Time Bends.

     April 23rd is an important date in my life. In 2007 it was a day that changed my life.
     On that day my partner of 17 years made the transition from this life to the next one, and I was faced with an unexpected and unclear future.
     I remember that day, that week, in fact several weeks leading up to that day in minute detail. Some of the memories feel only a week old they are so bright and present in my mind.
     At the same time the intervening six years have brought me to a place I could not even have imagined in 2007. When I focus on my change and growth and who I am now, 2007 seems a lifetime ago. Decades. Distant misty history.
     In Kurt Vonnegut ‘s 1969 novel Slaughterhouse-Five, a character says he is “seeing all time as you might see a stretch of the Rocky Mountains. All time is all time. It does not change. It does not lend itself to warnings or explanations. It simply is.”
     Since 1969 science has offered many new theories about time and space. Quantum physics and String Theory have posited concepts of our existence in a multiverse; parallel time-lines and multiple non-physical dimensions. Time-bending is no longer an alien or mystical possibility. Time Bends, just as Einstein said in 1917.
     On the morning of the April 23rd 2013 I was in weather which suggested spring. I have a plan to install a new labyrinth before World Labyrinth Day on the first Saturday of May, and I went outside to begin preparing the land.
     As I begin uprooting the weeds and opportunistic plants that had taken root last autumn, I realized that the non-linear nature of time, the sensation of time-bending, and the path of the labyrinth are very much connected with each other.
     If my life is a road from birth to death, then it is surely does not travel a direct route. There are turns and corners and apparent backtracking. There is hope and dashed hope, opportunities seemingly passing me by only to reappear, beckoning me forward.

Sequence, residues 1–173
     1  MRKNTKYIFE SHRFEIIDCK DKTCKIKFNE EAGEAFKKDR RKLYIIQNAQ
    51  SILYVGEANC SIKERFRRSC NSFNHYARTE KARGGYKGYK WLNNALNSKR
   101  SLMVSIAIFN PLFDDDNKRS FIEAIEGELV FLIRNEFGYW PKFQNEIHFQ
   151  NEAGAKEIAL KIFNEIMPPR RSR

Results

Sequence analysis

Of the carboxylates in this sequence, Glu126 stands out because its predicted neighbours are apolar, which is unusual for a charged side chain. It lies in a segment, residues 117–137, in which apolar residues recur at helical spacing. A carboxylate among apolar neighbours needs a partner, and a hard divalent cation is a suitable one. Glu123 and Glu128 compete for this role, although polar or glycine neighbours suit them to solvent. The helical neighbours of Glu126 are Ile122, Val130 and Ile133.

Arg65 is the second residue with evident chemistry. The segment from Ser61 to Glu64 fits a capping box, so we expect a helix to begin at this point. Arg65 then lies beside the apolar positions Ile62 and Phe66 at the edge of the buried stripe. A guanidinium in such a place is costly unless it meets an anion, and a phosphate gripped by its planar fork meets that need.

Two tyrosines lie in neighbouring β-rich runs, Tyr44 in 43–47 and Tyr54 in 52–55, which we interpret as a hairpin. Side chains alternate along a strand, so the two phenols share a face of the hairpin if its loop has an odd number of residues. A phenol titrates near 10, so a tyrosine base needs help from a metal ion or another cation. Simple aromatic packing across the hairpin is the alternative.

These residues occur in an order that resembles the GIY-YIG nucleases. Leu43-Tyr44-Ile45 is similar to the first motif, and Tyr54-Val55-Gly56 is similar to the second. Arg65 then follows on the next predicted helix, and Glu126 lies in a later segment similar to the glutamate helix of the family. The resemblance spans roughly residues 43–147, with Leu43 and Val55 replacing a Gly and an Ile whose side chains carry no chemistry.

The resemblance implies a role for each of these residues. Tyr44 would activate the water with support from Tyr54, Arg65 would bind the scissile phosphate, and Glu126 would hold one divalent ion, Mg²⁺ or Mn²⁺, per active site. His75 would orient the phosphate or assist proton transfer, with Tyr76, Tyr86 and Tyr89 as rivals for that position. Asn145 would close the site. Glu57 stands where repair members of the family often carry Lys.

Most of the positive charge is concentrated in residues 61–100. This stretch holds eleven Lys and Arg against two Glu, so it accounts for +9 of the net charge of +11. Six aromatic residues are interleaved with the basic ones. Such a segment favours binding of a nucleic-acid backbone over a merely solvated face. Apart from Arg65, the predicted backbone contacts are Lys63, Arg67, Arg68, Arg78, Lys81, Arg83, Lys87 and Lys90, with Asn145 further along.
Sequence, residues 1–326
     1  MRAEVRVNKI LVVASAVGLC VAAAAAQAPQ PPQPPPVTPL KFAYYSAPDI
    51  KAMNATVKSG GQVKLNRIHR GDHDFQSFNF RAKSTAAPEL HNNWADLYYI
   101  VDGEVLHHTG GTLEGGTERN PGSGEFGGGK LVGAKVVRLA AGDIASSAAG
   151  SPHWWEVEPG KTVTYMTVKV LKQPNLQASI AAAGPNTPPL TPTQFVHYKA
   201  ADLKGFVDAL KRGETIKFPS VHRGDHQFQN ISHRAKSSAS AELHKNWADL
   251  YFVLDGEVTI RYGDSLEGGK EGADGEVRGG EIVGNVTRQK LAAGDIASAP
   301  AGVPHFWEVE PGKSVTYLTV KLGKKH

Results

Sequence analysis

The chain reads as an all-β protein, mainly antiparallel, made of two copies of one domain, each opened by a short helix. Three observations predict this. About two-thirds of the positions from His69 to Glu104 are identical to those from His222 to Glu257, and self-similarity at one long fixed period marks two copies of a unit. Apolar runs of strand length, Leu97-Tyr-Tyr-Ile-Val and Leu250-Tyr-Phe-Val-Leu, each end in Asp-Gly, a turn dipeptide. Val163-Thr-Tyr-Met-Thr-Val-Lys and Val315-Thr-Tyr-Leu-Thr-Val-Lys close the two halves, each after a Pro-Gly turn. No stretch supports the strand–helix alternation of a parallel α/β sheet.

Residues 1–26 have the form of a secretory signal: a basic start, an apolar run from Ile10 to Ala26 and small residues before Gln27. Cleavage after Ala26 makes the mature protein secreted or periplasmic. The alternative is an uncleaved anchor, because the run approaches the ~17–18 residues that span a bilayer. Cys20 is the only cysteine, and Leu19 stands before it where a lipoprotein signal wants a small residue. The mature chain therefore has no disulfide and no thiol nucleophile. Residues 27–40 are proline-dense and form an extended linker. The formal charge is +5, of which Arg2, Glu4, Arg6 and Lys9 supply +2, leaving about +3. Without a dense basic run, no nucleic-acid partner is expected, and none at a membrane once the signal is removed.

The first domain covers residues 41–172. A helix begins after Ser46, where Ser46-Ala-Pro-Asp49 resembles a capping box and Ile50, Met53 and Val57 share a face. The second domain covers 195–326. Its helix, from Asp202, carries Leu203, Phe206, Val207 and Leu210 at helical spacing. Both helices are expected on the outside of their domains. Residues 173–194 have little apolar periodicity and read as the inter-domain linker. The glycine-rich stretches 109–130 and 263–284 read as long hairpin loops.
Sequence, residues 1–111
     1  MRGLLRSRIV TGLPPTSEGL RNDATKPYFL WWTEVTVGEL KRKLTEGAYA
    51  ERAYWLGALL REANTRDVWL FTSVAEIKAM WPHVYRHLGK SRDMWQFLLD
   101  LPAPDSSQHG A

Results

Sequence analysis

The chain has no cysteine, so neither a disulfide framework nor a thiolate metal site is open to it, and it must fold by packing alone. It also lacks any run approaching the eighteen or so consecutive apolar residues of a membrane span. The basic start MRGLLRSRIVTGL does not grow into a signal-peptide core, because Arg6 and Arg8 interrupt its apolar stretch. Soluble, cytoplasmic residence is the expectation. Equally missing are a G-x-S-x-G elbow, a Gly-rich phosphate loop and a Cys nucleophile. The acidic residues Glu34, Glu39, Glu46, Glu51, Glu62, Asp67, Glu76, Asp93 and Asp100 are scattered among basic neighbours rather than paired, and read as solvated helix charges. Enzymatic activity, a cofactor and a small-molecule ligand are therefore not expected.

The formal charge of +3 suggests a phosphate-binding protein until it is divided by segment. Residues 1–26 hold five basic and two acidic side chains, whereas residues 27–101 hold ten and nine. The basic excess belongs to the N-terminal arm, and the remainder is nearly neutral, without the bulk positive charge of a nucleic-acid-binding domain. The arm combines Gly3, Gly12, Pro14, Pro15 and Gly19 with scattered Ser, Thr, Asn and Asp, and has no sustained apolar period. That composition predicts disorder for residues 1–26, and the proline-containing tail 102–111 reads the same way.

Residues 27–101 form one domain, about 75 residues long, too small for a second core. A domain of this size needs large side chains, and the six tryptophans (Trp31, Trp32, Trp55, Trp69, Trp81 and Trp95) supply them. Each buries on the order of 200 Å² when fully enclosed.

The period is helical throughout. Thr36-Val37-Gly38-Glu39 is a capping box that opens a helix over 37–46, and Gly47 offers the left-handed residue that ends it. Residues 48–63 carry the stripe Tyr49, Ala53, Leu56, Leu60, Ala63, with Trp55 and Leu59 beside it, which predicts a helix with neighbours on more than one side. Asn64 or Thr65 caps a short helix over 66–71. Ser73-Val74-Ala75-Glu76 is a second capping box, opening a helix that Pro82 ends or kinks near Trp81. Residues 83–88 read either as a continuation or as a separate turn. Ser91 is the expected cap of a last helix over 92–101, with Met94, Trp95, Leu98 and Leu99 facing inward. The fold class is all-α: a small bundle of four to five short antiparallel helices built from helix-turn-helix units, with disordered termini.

Labyrinth work often refers to the idea that the labyrinth is a metaphor for life. Without doubt the road of my life is exactly like the folded path of the labyrinth. There is a destination, yet it is rarely evident, and I gain the most when I simply surrender to what is, and allow the journey to reveal itself.
     As I worked this April 23rd, I recognized that memory and time-bending can be experienced thus. The theoretical concept of all of time existing at once became very real.
     There is no wrong way to travel on a labyrinth. If I want to, I can choose to step outside, or over, the lines. I can step from path to path to path. I might lose track of direction, but I will still be in a place and time.
     When I step over the dividing line in my memory I can choose to re-live my 2007 experience. I can be back at the bedside, back at the memorial circle, back at the first days of inner emptiness. The feelings are real. My body slumps with the weight of the grief.
     Equally I can choose to be in Now. It is a choice. I can focus on the many positive aspects of my life. I can celebrate the changes in my geography, my education, the opportunities I have been granted and even some attitudes. I can sit in meditation and access the feelings of times I have not yet reached. I am granted visions of what will be: foreknowing permits course corrections and a feeling of security.
     My experience is all about where I place my focus and energy. It can even be about “when” I place my focus.
     It serves me to know that I can bend time and visit another time in a feeling memory, a re-experiencing. I can go further back and wallow in the laughter of road-trips in the 1990s and the warming comfort of arms holding me when I needed them most. Those times are still there, I can lift my mind out of Now and into Then.
      Time bends, and I am so grateful to be in this time-line, learning what it means to be a temporal tourist, living transition.

Transition Coaching